The recording itself does not sound good to me. I doubt that there is any part of it that was made in an acoustic space using acoustic instruments.

Can anyone ABX this?
Reply #28
Anyways, you were just commenting on how you couldn't get the files to work, which I think is a fair claim to make. If others can figure it out or are more familiar with these services, they may disagree, but it doesn't invalidate the fact that you had difficulty. Using the upload forum here would be superior, you are absolutely correct. As a matter of fact, it would be preferred. Certain hosting sites are blocked by the forum software because they are so horrible to use.


My point is that I eventually downloaded the files without difficulty.  The second and third attempts appear to differ only in terms of wall clock time.

There never was anything wrong with my software, hardware or procedures.

The target was moved until it could be easily obtained. ;-)

I guess the most signficant thing I've learned from this experience  is that some people are running their synths with really high clock speeds, for whatever purpose. Probably, they are doing it because they can. ;-)
  • Last Edit: 15 April, 2010, 10:44:33 AM by Arnold B. Krueger

Can anyone ABX this?
Reply #29
In this case we have what appears to be a very craftsmanlike job of downsampling.

You talking about the samples from the OP? In case you are, thanks.  I did the best I could.

The recording itself does not sound good to me. I doubt that there is any part of it that was made in an acoustic space using acoustic instruments.

No, it's computer-generated music (from FL Studio, in fact). Tragically though that's probably the best (and maybe the only) way acoustic frequencies above 22 kHz can turn out digitised as cleanly as they are in this sample - with microphones or any other means of recording even if the equipment is capable of capturing frequencies of up to 96 kHz they'll probably be exposed to all kinds of interferences.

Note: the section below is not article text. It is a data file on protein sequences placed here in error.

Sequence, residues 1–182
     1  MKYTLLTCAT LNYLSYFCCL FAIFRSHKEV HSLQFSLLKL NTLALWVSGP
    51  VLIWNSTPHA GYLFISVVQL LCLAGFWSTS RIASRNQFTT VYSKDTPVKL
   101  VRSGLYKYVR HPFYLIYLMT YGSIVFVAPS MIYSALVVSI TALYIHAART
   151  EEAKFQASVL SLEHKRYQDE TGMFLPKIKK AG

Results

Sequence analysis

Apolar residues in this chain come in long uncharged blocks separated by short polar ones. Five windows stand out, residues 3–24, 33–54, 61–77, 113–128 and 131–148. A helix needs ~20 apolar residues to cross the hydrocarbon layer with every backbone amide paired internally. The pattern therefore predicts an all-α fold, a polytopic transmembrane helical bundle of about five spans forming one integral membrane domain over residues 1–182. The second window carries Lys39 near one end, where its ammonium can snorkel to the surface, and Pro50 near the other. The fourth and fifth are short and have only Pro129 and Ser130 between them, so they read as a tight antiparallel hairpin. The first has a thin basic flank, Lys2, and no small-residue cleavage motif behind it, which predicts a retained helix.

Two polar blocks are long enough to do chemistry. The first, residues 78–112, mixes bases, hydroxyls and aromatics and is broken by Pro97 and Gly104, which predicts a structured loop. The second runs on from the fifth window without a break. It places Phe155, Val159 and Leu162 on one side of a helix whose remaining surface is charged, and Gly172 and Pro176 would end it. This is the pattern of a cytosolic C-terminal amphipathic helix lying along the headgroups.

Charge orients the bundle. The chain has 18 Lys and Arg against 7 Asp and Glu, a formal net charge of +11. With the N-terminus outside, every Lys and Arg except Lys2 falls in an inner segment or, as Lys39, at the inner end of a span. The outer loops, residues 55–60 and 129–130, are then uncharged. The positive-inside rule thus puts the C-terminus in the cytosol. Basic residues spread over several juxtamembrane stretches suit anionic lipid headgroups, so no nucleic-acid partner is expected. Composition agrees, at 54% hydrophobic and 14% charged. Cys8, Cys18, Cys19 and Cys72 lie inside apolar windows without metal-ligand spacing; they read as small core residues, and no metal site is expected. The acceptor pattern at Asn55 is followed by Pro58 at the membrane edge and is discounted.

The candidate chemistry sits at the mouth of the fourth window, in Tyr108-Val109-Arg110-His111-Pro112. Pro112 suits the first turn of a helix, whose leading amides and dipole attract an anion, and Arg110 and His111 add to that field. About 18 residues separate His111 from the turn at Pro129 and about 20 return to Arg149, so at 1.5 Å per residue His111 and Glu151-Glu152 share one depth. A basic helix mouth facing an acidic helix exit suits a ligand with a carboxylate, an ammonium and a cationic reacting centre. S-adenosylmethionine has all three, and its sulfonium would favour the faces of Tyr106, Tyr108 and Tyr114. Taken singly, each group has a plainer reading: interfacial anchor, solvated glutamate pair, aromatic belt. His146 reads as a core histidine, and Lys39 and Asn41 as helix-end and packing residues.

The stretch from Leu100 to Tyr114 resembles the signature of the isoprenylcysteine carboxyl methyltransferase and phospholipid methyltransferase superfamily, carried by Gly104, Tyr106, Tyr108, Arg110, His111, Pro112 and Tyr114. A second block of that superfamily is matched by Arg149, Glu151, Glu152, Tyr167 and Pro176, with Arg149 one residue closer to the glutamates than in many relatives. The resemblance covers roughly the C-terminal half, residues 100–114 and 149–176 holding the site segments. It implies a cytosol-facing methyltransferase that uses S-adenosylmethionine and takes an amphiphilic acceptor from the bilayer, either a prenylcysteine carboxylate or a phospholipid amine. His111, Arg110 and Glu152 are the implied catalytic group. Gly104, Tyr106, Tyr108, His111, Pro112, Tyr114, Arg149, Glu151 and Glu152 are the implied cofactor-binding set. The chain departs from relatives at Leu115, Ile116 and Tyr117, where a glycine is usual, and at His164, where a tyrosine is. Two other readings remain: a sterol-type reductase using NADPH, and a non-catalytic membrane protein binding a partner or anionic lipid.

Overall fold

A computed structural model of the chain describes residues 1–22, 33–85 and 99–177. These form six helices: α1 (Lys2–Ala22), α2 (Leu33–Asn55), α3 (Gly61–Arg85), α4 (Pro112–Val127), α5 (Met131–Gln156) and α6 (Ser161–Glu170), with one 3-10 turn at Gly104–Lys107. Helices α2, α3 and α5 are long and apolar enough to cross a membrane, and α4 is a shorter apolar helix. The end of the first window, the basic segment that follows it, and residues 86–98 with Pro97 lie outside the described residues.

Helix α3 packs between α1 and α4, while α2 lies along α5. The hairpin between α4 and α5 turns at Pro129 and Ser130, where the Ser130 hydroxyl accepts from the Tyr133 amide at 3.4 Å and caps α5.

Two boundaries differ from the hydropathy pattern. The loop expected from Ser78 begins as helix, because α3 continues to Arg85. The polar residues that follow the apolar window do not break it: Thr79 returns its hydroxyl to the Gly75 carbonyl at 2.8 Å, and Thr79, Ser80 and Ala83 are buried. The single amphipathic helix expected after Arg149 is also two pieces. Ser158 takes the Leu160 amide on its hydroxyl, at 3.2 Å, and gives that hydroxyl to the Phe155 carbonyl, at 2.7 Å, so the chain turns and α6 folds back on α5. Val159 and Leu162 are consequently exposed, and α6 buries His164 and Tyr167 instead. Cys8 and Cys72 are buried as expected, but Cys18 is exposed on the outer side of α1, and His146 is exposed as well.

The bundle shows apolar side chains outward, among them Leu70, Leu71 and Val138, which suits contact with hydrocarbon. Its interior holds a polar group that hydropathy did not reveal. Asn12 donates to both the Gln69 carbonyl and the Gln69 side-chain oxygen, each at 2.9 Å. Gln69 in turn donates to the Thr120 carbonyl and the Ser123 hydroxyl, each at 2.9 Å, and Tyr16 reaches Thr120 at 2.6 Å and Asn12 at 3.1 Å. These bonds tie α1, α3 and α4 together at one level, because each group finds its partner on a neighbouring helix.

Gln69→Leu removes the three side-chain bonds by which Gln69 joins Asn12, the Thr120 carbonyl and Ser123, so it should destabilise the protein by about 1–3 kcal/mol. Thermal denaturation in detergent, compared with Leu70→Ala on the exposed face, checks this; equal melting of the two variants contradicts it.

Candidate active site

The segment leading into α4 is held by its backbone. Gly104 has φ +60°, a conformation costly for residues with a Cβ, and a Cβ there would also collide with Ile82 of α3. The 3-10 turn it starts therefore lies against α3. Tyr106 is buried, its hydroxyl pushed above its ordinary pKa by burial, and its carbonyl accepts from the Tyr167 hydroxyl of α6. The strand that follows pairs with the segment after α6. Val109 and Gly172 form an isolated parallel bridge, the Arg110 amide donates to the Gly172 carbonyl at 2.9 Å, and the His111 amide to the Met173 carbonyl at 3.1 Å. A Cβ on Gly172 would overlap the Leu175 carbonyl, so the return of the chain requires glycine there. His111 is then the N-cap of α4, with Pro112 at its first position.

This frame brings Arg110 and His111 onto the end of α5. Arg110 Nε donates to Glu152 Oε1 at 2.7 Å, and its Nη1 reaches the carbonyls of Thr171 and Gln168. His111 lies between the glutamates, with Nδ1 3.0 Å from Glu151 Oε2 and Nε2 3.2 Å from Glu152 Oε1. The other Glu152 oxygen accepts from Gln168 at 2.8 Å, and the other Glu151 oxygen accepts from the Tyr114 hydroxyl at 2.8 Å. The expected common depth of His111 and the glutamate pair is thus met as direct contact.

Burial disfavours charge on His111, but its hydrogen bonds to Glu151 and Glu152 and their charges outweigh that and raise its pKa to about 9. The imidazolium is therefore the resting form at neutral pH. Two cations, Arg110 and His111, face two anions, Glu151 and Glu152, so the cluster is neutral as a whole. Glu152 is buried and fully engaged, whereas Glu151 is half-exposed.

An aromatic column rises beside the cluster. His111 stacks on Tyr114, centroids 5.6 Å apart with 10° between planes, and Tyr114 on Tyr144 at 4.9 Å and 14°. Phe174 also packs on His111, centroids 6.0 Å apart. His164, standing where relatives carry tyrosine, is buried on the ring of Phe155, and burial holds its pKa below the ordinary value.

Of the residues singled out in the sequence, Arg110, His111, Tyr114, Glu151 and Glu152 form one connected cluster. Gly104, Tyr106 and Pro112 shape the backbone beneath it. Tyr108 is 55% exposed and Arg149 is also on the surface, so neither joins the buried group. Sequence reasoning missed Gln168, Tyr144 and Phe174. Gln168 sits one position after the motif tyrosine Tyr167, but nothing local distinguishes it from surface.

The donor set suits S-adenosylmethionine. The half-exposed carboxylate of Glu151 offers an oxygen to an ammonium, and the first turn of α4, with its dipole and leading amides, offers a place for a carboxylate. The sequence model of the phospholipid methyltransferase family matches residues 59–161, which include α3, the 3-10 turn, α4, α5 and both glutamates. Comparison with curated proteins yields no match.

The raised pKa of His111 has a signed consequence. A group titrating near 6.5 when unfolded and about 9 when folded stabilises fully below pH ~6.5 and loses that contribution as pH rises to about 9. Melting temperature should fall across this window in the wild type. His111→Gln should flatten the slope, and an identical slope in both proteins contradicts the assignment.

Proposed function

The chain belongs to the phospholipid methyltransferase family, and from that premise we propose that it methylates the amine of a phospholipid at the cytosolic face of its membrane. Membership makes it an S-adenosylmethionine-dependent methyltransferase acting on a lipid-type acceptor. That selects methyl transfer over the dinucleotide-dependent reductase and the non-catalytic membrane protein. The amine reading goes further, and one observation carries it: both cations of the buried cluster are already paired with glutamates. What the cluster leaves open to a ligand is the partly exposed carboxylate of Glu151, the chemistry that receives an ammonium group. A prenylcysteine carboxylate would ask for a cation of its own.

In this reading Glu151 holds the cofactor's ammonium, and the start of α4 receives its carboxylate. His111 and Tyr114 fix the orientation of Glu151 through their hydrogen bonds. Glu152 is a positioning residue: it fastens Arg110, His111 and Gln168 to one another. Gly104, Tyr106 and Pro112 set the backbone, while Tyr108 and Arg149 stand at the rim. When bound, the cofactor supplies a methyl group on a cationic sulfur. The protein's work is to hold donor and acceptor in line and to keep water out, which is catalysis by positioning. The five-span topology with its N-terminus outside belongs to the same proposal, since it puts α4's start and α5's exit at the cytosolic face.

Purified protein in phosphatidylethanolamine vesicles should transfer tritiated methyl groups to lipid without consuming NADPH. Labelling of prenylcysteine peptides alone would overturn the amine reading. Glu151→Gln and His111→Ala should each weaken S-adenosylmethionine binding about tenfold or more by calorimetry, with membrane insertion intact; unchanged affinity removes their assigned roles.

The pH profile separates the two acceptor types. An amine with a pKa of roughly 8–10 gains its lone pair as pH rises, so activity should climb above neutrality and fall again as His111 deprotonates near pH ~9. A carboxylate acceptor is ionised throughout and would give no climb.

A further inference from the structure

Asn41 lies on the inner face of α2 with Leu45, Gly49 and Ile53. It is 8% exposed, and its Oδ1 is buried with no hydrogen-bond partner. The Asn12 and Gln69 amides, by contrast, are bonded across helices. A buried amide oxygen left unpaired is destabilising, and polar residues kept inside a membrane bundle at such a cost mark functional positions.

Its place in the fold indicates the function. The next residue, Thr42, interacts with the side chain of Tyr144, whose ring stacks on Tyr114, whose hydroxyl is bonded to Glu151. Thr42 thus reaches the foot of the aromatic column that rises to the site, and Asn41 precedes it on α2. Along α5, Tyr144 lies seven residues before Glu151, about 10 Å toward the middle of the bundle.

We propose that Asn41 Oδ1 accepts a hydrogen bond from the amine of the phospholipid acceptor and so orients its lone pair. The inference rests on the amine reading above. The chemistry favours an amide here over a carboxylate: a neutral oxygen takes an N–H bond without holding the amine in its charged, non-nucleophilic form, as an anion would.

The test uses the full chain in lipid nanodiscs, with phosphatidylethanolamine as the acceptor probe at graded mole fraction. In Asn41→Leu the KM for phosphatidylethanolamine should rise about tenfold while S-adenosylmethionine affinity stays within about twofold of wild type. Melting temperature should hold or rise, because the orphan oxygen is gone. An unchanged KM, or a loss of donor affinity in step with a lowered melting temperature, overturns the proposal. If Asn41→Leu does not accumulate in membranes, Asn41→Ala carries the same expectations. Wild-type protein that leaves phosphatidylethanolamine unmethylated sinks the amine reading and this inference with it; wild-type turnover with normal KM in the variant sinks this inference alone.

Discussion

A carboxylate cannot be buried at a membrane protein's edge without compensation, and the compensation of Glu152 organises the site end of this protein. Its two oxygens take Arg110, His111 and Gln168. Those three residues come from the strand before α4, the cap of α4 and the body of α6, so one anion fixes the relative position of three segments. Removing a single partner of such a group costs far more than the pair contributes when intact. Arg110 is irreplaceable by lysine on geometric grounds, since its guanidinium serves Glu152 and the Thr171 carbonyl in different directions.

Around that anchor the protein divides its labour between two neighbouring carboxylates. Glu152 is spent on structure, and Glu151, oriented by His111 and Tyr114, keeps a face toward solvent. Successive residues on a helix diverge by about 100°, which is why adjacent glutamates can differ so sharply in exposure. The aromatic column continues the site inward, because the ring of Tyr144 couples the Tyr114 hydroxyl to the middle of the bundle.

Like I said, what I especially liked about this sample is that all there is is all just musical content, all the way up to 96 kHz. Unfortunately, that basically means "not recorded but rendered".


edit: Also I would like to apologise for not uploading to the forum, I'm still sort of a noob here so I didn't even know that could be done.
  • Last Edit: 15 April, 2010, 11:39:31 AM by doccolinni

  • Notat
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Can anyone ABX this?
Reply #30
Who knows, maybe someone actually can tell the difference? I mean here's from the Wikipedia article on ultrasound:

Take a look at Hypersonic effect. Must supporting citations come from Oohashi. This topic has been discussed many times on HA.

Can anyone ABX this?
Reply #31
Who knows, maybe someone actually can tell the difference? I mean here's from the Wikipedia article on ultrasound:

Take a look at Hypersonic effect. Must supporting citations come from Oohashi. This topic has been discussed many times on HA.

I've read that already. I think ultrasonic effect is just a pile of horsecrap, but I've found a good sample containing HFC and wanted to see if anyone actually can tell the difference, just in case the ultrasonic effect is not a pile of horsecrap.

Can anyone ABX this?
Reply #32
If you are testing in Windows 7 (and maybe Vista), be sure that the "shared mode" sampling rate is 192khz, or else you'll never hear a difference even if you are a bat